About this workshop:

The primary consideration in this workshop is thinking through a decolonial praxis and multi-modal response to collective trauma or psychological distress caused by racism. 

South Africa’s history of slavery, colonialism and apartheid has had severe psychosocial consequences alongside economic and political impacts. While we have made legislative progress towards a democracy, we are still faced with socio-political-economic injustices and inequities that affect most of the population in South Africa. Forms of violence – material (poverty), physical, psychological, sexual, and racial – are pervasive. It is within this context that this workshop engages the following issues:

  1. Apartheid, much like experiences in other global genocides (Latin America, Germany, Rwanda), is regarded as a crime against humanity with generational consequences. What has been psychology’s response to this?
  2. How do the concepts of trauma, psychological distress, racialisation and racial healing articulate with a framework for addressing the psychosocial consequences of racism?
  3. Presently, an individual-based therapy model pervades the discipline. Given the scale and nature of challenges, a collective response to a collective psycho-social experience is needed? How can a decolonial psychology respond to this?
  4. In thinking about a decolonial praxis in response to racism and racialisation of black collectives, how do we engage traditional healing, indigenous practices, and other modalities as efficacious and integrated responses to generational trauma and healing?

PsySSA Workshop Series 2023: Workshop 4: Racialisation and Decolonial Praxis

Meet our Presenters

I am an independent consultant and practitioner within the social justice and development arena, a clinical psychologist and African feminist with expertise in the area of trauma, gender and group process. I spent 14 years as an academic before moving into ‘full-time practice’, facilitating group processes on issues of social justice, transformation, diversity, inclusion and healing in community, academic and corporate domains. I have journeyed with NGO leadership both within South Africa and internationally, from community-based organisations to collectives of Human Rights Defenders and climate justice activists, to United Nations agencies. I am deeply invested in exploring and expanding what a decolonised therapy/ collective healing process/ feminist politic and ethic of love and care might look like, particularly for NGOs and in activist and social movement spaces. I am the founder of ‘Deep Wellness’, an initiative and social enterprise invested in unpacking what it means to be truly, fundamentally well as Black womxn and Black people. More and more this has meant engaging racial trauma, interrogating and overcoming those things – outside and inside of ourselves – that diminish us, and as part of a collective healing journey, accessing more deeply, our wells of power and joy.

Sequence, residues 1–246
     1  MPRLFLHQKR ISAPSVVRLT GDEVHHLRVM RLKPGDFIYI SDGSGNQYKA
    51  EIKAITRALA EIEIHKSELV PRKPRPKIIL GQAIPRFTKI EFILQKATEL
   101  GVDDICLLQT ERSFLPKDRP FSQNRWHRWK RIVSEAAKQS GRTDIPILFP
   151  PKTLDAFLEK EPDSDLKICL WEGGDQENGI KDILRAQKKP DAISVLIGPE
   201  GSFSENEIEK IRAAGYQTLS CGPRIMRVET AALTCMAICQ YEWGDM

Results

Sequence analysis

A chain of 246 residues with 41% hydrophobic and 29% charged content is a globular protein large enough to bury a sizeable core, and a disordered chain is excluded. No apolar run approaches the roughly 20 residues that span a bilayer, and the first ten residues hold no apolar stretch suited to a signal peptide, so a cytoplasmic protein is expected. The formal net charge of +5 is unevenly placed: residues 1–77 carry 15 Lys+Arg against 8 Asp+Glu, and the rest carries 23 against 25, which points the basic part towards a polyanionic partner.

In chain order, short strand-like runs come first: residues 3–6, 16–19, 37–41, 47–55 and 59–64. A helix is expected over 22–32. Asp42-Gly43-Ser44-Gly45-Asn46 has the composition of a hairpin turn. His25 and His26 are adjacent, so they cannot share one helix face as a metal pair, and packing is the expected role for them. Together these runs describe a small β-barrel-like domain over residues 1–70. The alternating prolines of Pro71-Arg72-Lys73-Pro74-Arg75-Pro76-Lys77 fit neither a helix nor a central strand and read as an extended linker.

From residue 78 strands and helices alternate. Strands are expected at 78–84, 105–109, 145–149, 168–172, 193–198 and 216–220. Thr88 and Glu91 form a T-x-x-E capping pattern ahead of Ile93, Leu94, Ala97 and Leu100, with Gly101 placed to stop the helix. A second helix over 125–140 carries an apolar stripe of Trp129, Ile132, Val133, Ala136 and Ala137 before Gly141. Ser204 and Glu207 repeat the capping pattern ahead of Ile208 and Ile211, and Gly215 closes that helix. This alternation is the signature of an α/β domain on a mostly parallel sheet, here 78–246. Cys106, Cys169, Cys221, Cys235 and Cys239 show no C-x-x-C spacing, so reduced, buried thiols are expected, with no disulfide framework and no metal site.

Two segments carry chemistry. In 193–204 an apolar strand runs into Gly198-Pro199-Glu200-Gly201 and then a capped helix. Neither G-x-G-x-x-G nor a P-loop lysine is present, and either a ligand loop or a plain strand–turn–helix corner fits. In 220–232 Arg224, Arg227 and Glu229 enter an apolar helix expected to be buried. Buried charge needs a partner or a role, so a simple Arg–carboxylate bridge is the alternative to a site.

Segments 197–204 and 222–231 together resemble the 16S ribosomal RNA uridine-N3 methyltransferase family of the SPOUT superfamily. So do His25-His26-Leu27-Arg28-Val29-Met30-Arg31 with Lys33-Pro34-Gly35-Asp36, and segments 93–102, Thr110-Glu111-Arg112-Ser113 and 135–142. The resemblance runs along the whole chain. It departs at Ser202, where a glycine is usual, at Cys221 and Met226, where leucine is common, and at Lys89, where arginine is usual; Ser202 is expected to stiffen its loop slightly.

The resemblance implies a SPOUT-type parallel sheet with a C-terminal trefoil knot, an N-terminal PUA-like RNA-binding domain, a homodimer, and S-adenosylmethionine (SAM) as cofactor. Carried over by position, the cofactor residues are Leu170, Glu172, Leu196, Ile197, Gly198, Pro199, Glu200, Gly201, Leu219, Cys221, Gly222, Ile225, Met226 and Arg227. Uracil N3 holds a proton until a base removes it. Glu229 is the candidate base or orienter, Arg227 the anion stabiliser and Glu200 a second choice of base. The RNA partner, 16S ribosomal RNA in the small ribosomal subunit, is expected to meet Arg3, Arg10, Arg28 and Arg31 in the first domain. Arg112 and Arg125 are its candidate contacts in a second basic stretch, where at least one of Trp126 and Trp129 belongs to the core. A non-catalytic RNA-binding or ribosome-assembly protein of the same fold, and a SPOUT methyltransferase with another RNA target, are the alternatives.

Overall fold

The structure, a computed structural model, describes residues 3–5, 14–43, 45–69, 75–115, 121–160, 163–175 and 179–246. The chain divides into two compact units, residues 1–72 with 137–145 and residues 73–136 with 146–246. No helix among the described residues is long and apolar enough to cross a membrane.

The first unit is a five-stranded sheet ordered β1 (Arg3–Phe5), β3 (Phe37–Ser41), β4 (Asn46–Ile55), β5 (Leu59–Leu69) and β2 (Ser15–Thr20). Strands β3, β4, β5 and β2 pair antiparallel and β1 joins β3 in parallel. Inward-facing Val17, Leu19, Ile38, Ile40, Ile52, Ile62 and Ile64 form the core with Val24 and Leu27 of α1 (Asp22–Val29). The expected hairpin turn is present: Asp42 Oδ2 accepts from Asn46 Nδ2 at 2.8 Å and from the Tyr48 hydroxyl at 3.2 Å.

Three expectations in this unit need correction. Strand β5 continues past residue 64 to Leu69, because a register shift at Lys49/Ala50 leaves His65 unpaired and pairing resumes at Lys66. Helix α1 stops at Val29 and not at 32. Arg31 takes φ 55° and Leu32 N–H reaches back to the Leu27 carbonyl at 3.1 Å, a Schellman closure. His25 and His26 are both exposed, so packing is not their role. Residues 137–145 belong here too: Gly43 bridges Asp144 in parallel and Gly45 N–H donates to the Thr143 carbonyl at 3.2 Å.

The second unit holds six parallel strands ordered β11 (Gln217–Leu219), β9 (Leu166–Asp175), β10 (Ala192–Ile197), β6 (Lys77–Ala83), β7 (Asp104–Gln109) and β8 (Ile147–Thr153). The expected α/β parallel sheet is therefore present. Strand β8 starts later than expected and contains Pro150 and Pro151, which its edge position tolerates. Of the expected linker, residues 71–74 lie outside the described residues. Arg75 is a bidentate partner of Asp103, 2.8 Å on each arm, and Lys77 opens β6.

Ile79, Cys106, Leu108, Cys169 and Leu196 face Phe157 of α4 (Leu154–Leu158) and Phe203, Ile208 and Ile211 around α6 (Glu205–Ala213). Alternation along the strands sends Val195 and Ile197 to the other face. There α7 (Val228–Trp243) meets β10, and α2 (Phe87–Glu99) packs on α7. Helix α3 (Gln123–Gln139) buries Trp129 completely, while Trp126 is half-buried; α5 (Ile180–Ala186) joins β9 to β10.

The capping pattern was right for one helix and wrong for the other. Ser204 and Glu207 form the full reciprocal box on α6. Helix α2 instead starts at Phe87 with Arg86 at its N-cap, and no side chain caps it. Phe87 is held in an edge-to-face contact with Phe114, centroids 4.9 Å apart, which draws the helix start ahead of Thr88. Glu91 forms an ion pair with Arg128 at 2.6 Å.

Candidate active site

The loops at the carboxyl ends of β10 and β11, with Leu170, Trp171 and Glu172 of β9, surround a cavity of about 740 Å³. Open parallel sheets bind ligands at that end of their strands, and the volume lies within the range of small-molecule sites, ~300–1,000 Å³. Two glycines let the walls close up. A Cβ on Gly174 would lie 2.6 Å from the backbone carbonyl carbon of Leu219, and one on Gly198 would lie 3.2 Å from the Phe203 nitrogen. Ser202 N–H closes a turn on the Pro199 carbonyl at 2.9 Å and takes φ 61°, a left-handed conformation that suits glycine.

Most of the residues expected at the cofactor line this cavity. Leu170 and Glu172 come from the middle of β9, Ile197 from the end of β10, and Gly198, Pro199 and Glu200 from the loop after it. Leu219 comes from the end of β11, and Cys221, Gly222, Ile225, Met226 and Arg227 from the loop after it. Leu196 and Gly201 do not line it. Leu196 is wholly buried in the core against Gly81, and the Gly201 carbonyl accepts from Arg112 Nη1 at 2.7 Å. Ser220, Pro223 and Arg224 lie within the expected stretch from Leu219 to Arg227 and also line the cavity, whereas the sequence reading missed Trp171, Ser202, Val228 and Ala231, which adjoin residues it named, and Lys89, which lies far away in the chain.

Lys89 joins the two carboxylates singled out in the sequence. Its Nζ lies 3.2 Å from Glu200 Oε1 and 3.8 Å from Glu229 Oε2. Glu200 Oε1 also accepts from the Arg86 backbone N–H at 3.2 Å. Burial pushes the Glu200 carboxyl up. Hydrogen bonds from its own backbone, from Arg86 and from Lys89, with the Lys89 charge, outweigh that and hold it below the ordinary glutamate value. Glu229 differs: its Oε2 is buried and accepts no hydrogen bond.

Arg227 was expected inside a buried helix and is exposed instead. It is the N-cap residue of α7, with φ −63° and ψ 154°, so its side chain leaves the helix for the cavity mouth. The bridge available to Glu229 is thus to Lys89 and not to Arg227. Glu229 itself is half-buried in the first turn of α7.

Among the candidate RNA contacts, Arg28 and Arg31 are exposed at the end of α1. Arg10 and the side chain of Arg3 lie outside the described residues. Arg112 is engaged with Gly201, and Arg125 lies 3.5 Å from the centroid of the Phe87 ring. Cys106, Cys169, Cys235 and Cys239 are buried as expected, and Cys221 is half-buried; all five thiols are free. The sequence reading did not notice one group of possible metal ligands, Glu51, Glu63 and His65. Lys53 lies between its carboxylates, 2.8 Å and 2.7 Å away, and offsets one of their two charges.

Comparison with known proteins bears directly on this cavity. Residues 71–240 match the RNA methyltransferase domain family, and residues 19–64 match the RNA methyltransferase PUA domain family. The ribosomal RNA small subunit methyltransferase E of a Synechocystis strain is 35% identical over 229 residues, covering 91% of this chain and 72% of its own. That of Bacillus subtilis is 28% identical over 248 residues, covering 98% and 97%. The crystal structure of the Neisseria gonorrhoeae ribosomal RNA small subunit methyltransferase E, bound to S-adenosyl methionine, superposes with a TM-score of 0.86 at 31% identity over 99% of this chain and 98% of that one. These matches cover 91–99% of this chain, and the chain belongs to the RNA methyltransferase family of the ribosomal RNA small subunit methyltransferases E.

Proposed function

Over the years, my practice has gravitated towards a focus on individual, collective and organisational change concerning racism, diversity, racial healing, transformation, and social justice. I have been involved in organisation-wide transformation-related interventions in the corporate, public, educational, and not-for-profit sectors. In this context, South Africa’s transition from apartheid to democracy, demands that organisational practitioners find new, non-formulaic, and context-specific solutions for greater social justice.

This has spurned my search for and commitment to relevant and innovative theory-driven praxis for social justice in organisations. In keeping with this, my academic pursuits have been directed at interrogating the psychosocial impact of “race”, gender, class, marginalisation and non-belonging on collectives. At the Wits Centre for Diversity Studies, I had the opportunity to integrate practice and theory to address transformation-related issues and developed a three and a five-day accredited short course titled “Race, diversity, social justice and transformation in organisations”.

I am currently pursuing a PhD which explores senior professionals’ experiences of mediating the psychosocial impact of past and on-going racialisation. Recently I revived my organisational psychology practice, Soul@Work, that focuses on racial healing and trauma.

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